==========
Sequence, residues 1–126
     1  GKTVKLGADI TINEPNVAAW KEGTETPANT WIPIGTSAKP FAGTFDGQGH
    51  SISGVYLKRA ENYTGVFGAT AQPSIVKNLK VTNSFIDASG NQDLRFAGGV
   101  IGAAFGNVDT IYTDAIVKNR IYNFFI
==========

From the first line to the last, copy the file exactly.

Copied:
Sequence, residues 1–126
     1  GKTVKLGADI TINEPNVAAW KEGTETPANT WIPIGTSAKP FAGTFDGQGH
    51  SISGVYLKRA ENYTGVFGAT AQPSIVKNLK VTNSFIDASG NQDLRFAGGV
   101  IGAAFGNVDT IYTDAIVKNR IYNFFI